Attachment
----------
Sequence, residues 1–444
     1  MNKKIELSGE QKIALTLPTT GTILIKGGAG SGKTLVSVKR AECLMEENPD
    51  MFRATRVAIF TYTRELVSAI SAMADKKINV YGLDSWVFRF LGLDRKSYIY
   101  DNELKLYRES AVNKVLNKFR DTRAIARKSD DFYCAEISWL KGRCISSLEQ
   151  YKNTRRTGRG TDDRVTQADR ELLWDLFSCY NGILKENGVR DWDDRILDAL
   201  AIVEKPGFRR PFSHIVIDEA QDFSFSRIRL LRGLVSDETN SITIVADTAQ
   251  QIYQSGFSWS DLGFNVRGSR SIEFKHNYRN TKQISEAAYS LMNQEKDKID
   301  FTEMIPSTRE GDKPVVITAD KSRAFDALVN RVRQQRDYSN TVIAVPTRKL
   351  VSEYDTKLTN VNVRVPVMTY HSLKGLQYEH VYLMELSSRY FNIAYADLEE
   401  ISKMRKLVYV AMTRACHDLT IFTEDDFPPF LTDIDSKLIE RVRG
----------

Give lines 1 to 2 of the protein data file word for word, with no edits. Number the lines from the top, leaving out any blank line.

Sequence, residues 1–444
     1  MNKKIELSGE QKIALTLPTT GTILIKGGAG SGKTLVSVKR AECLMEENPD